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Published Date: November 8, 2018

Book Info

Gender Rolitis: Redeem Unhealthy Gender Roles

Although Farnsworth begins his book, Gender Rolitis: Redeem Unhealthy Gender Roles, with a quirky title, by the end I found myself validating his choice of the term, “Rolitis.” The gender debate in the Christian community returns again and again to our understanding of ‘role’ and how it is revealed in the Bible. While complementarians would have us believe that God outlines specific sets of skills with degrees of authority attached, Farnsworth provides Biblical as well as socio-psychological examples to help debunk the idea of gender roles.

The opening sentence in the forward makes a solid statement of the analysis that follows throughout the book: “I have a passion for mutuality in husband-wife relationships and leadership in the family. I believe in a gifts-based partnership as opposed to a gender-based hierarchy.”

The introduction unpacks “Gender Rolitis”—a term coined by Farnsworth—as “an inflammatory disease of the mind that paralyzes the spiritual senses of imagination and reason and arouses an intense, feverish proclivity to biologically predetermine gender roles. It reduces personhood to codified male and female roles that severely restrict the possibilities for developing one’s calling. Further, it creates a toxic culture in the family, the church, and workplace.” By decisively acknowledging the problem with gender roles, Farnsworth sets the stage to reveal the ways in which gender roles have become calcified and advocated (while not being proven Biblically) by many Christian churches in the United States.

One of the first things set forth in Gender Rolitis, is the importance of truth. Too often we turn to secondary writing, our own faulty reasoning, or passing along misinterpretation as truth. Throughout his writing, Farnsworth augments his statements with specific scripture as well as looking at a preponderance of scripture. As an added benefit, the reader is given a rubric through which scripture can be approached which allows for growth in all areas, not simply the gender debate.

In the next chapters, “Be a Godly Man” and “Be a Godly Woman,” Farnsworth once again illuminates the limitations of wrong assumptions made when men and women are seen through the single lens of gender. In doing so, we ignore the greater message that God provides to men and women regarding His glory and our service. Farnsworth points out the ways in which God provides skills, attributes, and gifts to be used by His people for His glory. Additionally, he provides an examination of the love/authority theory of complementarianism versus the love/justice theory of egalitarianism.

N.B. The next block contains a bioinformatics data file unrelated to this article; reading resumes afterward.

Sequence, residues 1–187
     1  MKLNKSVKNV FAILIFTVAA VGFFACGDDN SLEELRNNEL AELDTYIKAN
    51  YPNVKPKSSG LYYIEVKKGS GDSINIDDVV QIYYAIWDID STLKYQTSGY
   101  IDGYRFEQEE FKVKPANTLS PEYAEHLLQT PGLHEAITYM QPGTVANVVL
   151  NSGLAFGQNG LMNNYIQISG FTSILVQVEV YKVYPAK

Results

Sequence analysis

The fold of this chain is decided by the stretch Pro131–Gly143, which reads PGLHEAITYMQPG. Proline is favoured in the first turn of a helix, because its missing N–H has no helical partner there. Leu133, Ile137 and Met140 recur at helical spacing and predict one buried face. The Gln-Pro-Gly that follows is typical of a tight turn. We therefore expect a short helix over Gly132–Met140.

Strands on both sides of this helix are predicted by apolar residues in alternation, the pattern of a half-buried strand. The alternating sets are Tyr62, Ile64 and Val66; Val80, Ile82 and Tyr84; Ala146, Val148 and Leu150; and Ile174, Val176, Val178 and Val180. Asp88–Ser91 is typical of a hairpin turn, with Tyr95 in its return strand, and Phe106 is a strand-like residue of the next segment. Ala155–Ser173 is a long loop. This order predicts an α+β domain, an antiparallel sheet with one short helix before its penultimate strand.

Farnsworth concludes with chapters that provide an individual assessment to identify spiritual gifts, passions, abilities, traits, and life experiences. Also, additional resources are referenced to help Christ-followers identify and pursue their calling. By giving a way to find out our giftedness, personality attributes, and calling, he enables individuals to achieve their aspirations to better serve God and mankind. Rather than being restricted by preconceived roles, Farnsworth encourages Christ­ followers to claim their own role in life.

Overall, Gender Rolitis is a well-written and argued book. One of his most salient points is found scattered throughout the book: Farnsworth does not advocate the ‘one size fits all’ mantra that much of Christendom commands. In the gender debates (as well as other topics), it is thought that there is one approach, one mode or one system that God utilizes and approves. It is encouraging to find that Farnsworth is more interested in promoting human wholeness, a sensible approach to life, and glorifying God than advocating a ‘required method.’ He states,

Whenever I run across someone who seems to interact well with his or her spouse, and they seem satisfied with how things are going, I figure it’s none of my business whether their marriage is based on hierarchy or equality. The only thing that really matters is how God is blessing them. He can do that in whatever way He pleases. I respect that. Truth be told, most marriages are a hybrid mixture of models, based on what is working best for them. So what if they don’t fit perfectly in practice a particular model? Are they glorifying God?

While the benefits and superiority of the egalitarian model are clearly observed, Farnsworth does not mandate that all believers capitulate to this approach. Rather, he provides a clear path for all Christ-followers (men and women, married, or single) to follow God, work together according to the love-justice model, seek truth, and find the calling God has for each one. Ultimately, isn’t this God’s intention for his children?